Fig. 5.

Analysis of the N-terminal-proximal region of Dd-STATc. Identification of nuclear import signals in Dd-STATc. The approximate N-terminal half (residues 1-504) of Dd-STATc was fused upstream of GFP, to produce GFP:STATc1-504 and introduced into Dictyostelium cells. Stably expressing clones were selected and western transfer analysis confirmed that the fusion gene produced a fusion protein of the expected size. The cells were then analysed as inFig. 4. (B) Analysis of the effect of the EXP region on the N-terminal-proximal import region. Construct GFP:STATc1-554 differs from construct GFP:STATc1-504 only in that it contains the EXP region. GFP:STATc1-554 was transformed into cells and they were analysed as described in Fig. 4. The panel at the right shows cells treated with LMB for 90 minutes, resulting in nuclear accumulation.

Fig. 5.

Analysis of the N-terminal-proximal region of Dd-STATc. Identification of nuclear import signals in Dd-STATc. The approximate N-terminal half (residues 1-504) of Dd-STATc was fused upstream of GFP, to produce GFP:STATc1-504 and introduced into Dictyostelium cells. Stably expressing clones were selected and western transfer analysis confirmed that the fusion gene produced a fusion protein of the expected size. The cells were then analysed as inFig. 4. (B) Analysis of the effect of the EXP region on the N-terminal-proximal import region. Construct GFP:STATc1-554 differs from construct GFP:STATc1-504 only in that it contains the EXP region. GFP:STATc1-554 was transformed into cells and they were analysed as described in Fig. 4. The panel at the right shows cells treated with LMB for 90 minutes, resulting in nuclear accumulation.

In construct GFP:STATc1-554, a 50 residue longer N-terminal fragment fusion wherein the EXP region is retained, the GFP fusion protein is excluded from the nucleus (Fig. 5B). Thus the NESs contained within the EXP region are dominant over the import signals within the N-terminal region. Moreover, the fact that LMB treatment of cells transformed with GFP:STATc1-554 causes nuclear accumulation(Fig. 5B) shows that exclusion from the nucleus depends upon the activity of CRM1.

Essential nuclear import signals are located within the N-terminal 46 amino acids

We next mapped the presumptive NLSs contained within the N-terminal region by performing N to C deletion analysis of the Dd-STATc protein. A construct with five N-terminal amino acids deleted retains DIF-inducible nuclear accumulation but all smaller constructs, including a construct(GFP:STATc47-929) with only 46 amino acids deleted, yield GFP fusion proteins that are equally distributed between the cytoplasm and the nucleus and non-DIF inducible (Fig. 6A). Thus the N-terminal 46 amino acids (we will term this the `IMP region') are necessary for DIF-inducible nuclear accumulation. [NB We believe that there is at least one other weakly active nuclear import region, located just downstream of EXP,between residues 555 and 607 (M. F. and J. G. W., unpublished data). The presence of this second import domain probably explains why the N-terminally deleted proteins, where IMP is absent, are not excluded from the nucleus,despite the presence of the EXP region.]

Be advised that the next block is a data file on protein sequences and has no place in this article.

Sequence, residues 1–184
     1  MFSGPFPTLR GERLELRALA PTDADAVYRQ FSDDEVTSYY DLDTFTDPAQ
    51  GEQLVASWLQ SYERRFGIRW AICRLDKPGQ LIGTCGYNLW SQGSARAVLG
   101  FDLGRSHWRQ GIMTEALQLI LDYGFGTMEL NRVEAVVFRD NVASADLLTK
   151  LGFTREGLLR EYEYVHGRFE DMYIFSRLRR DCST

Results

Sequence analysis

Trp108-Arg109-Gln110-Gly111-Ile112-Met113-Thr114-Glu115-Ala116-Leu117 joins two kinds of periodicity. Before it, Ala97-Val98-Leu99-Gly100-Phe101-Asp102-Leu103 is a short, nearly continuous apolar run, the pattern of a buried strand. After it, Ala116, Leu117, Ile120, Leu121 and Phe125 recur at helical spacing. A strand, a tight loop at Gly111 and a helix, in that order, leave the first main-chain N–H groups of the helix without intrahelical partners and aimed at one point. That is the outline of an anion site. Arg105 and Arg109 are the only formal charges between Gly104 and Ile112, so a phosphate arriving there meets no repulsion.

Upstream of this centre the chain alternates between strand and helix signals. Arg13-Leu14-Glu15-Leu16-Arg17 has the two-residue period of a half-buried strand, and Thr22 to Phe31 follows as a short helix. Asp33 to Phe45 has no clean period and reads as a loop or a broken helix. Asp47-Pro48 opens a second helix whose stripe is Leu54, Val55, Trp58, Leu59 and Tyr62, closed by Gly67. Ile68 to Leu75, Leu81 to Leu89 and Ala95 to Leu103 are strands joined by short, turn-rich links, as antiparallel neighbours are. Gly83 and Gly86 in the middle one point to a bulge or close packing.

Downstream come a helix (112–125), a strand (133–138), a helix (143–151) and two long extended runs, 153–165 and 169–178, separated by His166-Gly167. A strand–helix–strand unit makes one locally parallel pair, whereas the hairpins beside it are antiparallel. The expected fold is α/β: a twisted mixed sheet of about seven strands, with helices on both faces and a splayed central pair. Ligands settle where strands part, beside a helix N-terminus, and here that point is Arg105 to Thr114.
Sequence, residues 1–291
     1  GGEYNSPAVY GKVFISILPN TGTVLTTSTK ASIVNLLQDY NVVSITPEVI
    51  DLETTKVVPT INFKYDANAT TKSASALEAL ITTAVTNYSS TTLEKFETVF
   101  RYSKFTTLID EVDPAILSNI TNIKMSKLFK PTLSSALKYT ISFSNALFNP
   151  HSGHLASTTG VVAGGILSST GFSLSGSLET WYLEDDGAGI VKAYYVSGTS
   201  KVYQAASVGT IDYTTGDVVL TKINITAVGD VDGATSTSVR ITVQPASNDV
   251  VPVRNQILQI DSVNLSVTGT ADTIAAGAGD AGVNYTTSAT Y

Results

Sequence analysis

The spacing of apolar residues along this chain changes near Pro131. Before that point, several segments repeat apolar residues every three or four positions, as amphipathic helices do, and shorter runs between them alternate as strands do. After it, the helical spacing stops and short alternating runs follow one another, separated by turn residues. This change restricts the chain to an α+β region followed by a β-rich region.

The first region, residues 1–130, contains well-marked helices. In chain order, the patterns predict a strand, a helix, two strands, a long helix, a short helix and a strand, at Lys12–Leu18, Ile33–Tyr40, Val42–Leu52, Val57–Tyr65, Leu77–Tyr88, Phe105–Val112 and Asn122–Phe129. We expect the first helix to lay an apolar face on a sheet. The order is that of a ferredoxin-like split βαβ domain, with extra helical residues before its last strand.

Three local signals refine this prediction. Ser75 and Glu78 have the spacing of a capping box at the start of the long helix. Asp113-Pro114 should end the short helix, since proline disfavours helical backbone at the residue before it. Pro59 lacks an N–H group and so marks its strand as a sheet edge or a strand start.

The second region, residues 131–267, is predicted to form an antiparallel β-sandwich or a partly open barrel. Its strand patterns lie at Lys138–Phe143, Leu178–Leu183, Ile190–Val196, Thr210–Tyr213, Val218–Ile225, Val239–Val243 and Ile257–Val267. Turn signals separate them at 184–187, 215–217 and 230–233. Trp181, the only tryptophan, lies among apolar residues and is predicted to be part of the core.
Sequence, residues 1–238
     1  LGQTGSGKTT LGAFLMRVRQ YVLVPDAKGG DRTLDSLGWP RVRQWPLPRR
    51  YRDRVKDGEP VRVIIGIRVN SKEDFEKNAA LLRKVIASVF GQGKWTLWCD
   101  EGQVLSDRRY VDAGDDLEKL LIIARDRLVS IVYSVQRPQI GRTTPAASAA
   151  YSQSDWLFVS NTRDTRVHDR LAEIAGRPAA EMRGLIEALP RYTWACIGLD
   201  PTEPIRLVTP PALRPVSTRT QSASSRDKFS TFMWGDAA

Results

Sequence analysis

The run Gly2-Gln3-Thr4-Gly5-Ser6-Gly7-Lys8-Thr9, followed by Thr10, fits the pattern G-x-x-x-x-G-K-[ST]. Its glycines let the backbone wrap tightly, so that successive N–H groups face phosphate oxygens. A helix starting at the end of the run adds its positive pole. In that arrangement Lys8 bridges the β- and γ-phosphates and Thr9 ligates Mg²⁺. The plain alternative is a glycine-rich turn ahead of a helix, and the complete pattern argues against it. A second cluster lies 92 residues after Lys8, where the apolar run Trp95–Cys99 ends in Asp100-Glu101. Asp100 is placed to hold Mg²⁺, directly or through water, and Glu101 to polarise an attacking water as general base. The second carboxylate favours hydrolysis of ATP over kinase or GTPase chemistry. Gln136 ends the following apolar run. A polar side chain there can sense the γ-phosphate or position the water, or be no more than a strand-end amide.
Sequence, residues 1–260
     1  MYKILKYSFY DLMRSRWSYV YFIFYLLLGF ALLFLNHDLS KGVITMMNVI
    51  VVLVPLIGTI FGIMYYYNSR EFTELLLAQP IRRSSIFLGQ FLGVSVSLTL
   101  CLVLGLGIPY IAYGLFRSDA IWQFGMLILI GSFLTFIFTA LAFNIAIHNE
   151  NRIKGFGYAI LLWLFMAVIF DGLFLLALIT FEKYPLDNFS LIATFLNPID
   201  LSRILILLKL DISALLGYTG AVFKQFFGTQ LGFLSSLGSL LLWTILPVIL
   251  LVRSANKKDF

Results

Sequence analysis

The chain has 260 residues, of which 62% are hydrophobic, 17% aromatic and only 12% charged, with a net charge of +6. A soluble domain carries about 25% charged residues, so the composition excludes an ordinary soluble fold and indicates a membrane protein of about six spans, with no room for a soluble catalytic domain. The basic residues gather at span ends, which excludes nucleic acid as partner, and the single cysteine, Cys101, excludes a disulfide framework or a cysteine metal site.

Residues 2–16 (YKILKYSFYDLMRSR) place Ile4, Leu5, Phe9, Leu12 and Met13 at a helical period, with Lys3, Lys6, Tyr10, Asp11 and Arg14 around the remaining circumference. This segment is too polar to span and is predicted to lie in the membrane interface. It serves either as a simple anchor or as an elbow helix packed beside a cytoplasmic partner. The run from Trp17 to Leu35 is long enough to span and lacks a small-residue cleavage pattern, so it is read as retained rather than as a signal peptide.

Fig. 6.

Mapping nuclear import signals in Dd-STATc. (A) Analysis of an N to C deletion series of Dd-STATc. A set of constructs, bearing the indicated N to C deletions, was constructed by PCR. The indicated regions were amplified and cloned immediately downstream of the Actin 15 promoter:GFP fusion present in GFP:STATc replacing the original Dd-STATc sequences(Fukuzawa et al., 2001). The constructs were transformed into cells and analysed for DIF inducibility as inFig. 2B. (B) Identification of a nuclear import signal at the N terminus of Dd-STATc. Construct IMP:GFP contains the N-terminal-proximal 46 residues of Dd-STATc fused upstream of GFP. This construct contains a G418 resistance cassette and was transformed into Dictyostelium. Clones of expressing cells containing multiple copies of IMP:GFP were selected using G418. GFP accumulation in the nucleus was monitored in growing cells (left) and, in parallel, with an identical construct expressing GFP alone (right).

Fig. 6.

Mapping nuclear import signals in Dd-STATc. (A) Analysis of an N to C deletion series of Dd-STATc. A set of constructs, bearing the indicated N to C deletions, was constructed by PCR. The indicated regions were amplified and cloned immediately downstream of the Actin 15 promoter:GFP fusion present in GFP:STATc replacing the original Dd-STATc sequences(Fukuzawa et al., 2001). The constructs were transformed into cells and analysed for DIF inducibility as inFig. 2B. (B) Identification of a nuclear import signal at the N terminus of Dd-STATc. Construct IMP:GFP contains the N-terminal-proximal 46 residues of Dd-STATc fused upstream of GFP. This construct contains a G418 resistance cassette and was transformed into Dictyostelium. Clones of expressing cells containing multiple copies of IMP:GFP were selected using G418. GFP accumulation in the nucleus was monitored in growing cells (left) and, in parallel, with an identical construct expressing GFP alone (right).